The moist, cool summers in British Columbia make for a short, but bountiful gardening experience. In Tucson, I plant gardens in the fall and spring - so I am essentially gardening year-round.
One fine morning in August 2009, I found this wonderful, mammoth tomato. Amazing!
No home is complete without a garden. My patch in British Columbia is roughly 30 by 40 feet, and strictly organic. For vegetables, I grow tomatoes, potatoes, broccoli, snow and snap peas, Romano and French filet beans, soy (for edamame), beets, onions, garlic, leeks, shallots, lettuce, arugula, cucumbers and celery. Fruits: strawberries, red and black raspberries and boysenberries. Flowers: dahlias, morning glories, delphinium, zinnias and lillies.
A closeup view. Though I can't promise double-handful fruit like this, here are tips on tomato cultivation: https://www.drweil.com/drw/u/ART02023/tomatoes.html
Wasabi is notoriously difficult to grow. This batch had limited growth and the leaves were completely bleached. These symptoms are common with extreme magnesium deficiency and general nutrient depletion.
I gave several applications of Epsom salts (a magnesium source) and a balanced organic fertilizer. Here they are one week later - coming back to life.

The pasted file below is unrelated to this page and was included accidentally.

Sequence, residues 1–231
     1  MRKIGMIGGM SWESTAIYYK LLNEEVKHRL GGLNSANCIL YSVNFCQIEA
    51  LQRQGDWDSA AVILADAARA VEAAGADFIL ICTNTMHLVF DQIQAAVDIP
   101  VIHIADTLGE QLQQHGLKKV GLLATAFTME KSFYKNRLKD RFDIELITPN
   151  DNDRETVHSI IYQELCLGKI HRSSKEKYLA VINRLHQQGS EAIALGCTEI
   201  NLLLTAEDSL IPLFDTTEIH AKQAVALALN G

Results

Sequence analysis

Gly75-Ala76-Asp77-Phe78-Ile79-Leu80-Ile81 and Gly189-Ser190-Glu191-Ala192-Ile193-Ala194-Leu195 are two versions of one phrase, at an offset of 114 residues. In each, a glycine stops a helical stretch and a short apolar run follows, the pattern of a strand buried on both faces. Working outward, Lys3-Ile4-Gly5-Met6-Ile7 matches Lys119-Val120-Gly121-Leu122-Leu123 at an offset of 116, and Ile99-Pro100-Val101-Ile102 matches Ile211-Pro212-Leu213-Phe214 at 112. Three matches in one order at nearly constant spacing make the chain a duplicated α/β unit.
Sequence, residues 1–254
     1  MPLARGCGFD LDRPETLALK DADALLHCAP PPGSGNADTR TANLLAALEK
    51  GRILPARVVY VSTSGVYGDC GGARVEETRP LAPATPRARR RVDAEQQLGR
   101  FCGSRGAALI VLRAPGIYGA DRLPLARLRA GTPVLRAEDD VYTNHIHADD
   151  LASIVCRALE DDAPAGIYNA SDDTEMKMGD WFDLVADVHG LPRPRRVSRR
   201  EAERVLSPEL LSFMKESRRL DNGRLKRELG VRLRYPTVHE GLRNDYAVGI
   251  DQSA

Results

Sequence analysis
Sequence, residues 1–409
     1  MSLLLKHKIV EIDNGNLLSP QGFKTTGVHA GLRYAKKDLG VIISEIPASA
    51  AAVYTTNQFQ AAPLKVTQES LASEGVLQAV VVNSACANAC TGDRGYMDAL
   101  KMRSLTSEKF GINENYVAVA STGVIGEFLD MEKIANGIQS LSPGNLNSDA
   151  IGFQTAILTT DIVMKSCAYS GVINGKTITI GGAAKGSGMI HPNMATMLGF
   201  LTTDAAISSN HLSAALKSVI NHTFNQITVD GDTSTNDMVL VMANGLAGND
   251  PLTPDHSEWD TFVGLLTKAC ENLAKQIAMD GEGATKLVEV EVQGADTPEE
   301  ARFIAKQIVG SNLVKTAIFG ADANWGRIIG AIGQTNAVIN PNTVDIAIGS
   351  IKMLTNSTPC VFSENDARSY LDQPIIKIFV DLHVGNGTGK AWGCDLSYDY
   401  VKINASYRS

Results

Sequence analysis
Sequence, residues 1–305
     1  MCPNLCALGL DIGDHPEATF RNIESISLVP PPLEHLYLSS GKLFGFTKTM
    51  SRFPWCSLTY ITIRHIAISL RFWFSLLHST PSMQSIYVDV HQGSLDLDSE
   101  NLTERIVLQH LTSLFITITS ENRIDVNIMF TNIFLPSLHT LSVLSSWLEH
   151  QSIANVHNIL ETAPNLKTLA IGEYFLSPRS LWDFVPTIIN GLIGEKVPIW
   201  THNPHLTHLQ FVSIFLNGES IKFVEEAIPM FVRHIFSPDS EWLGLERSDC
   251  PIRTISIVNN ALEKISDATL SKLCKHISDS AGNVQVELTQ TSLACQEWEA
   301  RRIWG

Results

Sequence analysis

The whole wasabi, fresh from the garden. The Japanese use all parts of the plant - they grate the root to form a condiment paste for sushi, and pickle the leaves to make a spicy dish called wasabi-zuke.
The bare wasabi root. After two years of cultivation, this was the first one I have tried. Fantastic flavor, both hot and intricately nuanced. Wasabi root is best prepared with an ultra-fine grater known as oroshigane.
A moderate climate, with plenty of sunshine and rain makes my organic efforts all the easier. I make a point of harvesting something daily for each meal prepared. As a result, I find store-bought produce incredibly boring and rather tasteless!
These snow peas will round out many healthy meals this summer. Both the peas and the tender tips of the vines are edible.
I've had several generations of Rhodesian Ridgebacks and thoroughly enjoyed every minute with these intelligent, affectionate dogs. Although they are very active and are excellent hikers and swimmers, they also enjoy the slower pace of gardening, and help to keep marauding critters at bay!
Warm from the sun, fragrant with fresh earth, filled with complex flavors not found in most store-bought produce ... salad anyone?
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